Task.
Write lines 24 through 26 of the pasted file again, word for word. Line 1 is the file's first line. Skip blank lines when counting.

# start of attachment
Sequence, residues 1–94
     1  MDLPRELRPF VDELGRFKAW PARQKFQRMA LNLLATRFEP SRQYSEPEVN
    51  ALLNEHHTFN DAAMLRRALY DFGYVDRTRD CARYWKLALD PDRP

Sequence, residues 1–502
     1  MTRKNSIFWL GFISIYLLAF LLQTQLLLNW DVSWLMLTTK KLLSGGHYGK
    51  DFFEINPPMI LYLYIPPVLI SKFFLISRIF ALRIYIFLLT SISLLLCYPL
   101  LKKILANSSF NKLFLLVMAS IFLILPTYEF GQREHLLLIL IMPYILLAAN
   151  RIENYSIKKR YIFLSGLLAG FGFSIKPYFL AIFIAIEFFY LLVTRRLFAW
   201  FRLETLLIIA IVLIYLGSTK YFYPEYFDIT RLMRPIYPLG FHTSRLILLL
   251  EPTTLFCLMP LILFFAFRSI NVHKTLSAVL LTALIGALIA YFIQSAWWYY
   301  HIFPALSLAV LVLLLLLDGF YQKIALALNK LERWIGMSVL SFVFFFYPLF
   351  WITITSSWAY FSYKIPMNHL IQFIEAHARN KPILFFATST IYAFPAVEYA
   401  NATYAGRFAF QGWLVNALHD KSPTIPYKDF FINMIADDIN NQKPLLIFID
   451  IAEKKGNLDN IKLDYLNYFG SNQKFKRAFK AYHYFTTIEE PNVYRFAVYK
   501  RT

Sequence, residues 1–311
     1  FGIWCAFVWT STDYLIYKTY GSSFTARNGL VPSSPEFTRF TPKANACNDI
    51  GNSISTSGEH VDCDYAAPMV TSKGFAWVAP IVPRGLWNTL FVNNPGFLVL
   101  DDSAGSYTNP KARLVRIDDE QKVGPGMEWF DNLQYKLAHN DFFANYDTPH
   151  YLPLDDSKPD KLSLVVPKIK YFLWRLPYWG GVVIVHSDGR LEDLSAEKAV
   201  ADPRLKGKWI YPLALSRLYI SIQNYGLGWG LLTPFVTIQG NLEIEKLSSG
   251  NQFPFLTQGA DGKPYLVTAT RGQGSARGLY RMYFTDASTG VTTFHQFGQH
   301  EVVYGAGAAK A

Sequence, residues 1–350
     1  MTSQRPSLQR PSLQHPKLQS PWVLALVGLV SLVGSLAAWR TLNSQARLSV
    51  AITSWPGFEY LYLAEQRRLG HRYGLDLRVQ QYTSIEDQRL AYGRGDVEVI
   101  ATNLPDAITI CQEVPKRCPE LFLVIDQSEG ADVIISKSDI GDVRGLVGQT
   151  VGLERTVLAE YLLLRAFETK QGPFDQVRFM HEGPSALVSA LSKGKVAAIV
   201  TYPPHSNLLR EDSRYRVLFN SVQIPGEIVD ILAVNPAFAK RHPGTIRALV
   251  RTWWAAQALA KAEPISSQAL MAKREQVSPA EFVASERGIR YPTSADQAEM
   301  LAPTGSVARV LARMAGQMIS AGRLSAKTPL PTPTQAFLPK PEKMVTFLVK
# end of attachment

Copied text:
Sequence, residues 1–350
     1  MTSQRPSLQR PSLQHPKLQS PWVLALVGLV SLVGSLAAWR TLNSQARLSV
    51  AITSWPGFEY LYLAEQRRLG HRYGLDLRVQ QYTSIEDQRL AYGRGDVEVI